Farm Progress is part of the Informa Markets Division of Informa PLC

This site is operated by a business or businesses owned by Informa PLC and all copyright resides with them. Informa PLC's registered office is 5 Howick Place, London SW1P 1WG. Registered in England and Wales. Number 8860726.

Serving: East
brad-haire-farm-press-ga-cotton-defo-heli-17.JPG Brad Haire
Cotton defoliation by helicopter.

Pick best cotton defoliant combination, then 'Go get the crop!'

Cotton growers can make the best decisions on when and what harvest aids to use to help the plant deliver the most yield, quality and return.

Cotton's going to do it naturally. It's a perennial. Leaves will drop and bolls will open, but growers can make the best decisions on when and what harvest aids to use to help the plant deliver the most yield, quality and return.

"In almost every situation, a combination of products works better than a single product, even the best single product at the highest rate," says Steve Brown, Alabama Extension cotton specialist, adding that most premium products on the market include two or three products in the mix.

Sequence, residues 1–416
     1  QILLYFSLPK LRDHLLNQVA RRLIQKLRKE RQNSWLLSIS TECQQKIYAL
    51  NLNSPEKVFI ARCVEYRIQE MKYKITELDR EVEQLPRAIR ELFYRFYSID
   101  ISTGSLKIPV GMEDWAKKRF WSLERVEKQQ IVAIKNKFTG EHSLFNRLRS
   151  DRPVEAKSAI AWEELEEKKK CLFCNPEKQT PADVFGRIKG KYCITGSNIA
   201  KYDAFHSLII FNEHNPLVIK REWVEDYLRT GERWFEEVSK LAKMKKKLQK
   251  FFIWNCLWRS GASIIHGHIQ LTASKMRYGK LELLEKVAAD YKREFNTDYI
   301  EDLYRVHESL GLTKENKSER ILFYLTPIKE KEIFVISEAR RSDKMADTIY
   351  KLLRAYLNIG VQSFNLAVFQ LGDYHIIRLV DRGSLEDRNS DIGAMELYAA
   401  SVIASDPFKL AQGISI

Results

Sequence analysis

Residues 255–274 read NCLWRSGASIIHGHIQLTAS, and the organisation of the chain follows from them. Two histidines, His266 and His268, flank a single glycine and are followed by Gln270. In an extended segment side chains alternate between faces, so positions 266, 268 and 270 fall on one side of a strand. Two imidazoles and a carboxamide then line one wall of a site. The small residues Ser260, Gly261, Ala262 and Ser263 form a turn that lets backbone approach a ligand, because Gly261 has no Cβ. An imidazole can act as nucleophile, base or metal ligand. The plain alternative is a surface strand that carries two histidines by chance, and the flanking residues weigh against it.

Many growers have their own preference on how to handle harvest aids for cotton, but Brown says the standard, and the one he recommends, is the three-way approach, which gives far more consistent results and performance.

When it comes time to defoliate, Brown recommends a mix with a phosphate product, a thidiazuron product and a boll opener.

Brown and Tyler Sandlin, Alabama Extension crop specialist, talk more about product choices and defoliation options and timing in an Aug. 24 Alabama Extension video released by Eddie McGriff, Alabama Extension regional agent.

Most Alabama cotton growers want to get it done with one pass when it comes to a timely defoliant program. Getting a timely defoliation is just one part of a season's end, though. The cotton still needs to be harvested, properly handled to reduce plastic contamination and delivered to the gin.

"The urgency of harvest! … If we get the leaves off, let's get the crop. Waiting. Waiting. Waiting can cost us big in many ways. Let's go get the crop," Brown says.

According to the National Agricultural Statistics Service Southern Region office's Aug. 12 report, Alabama growers planted 470,000 acres and planned to harvest 465,000 acres, or roughly 75,000 acres less than 2019. The forecast average yield is 981 pounds per acre, or 53 pounds more than last year's average.

TAGS: Cotton
Hide comments


  • Allowed HTML tags: <em> <strong> <blockquote> <br> <p>

Plain text

  • No HTML tags allowed.
  • Web page addresses and e-mail addresses turn into links automatically.
  • Lines and paragraphs break automatically.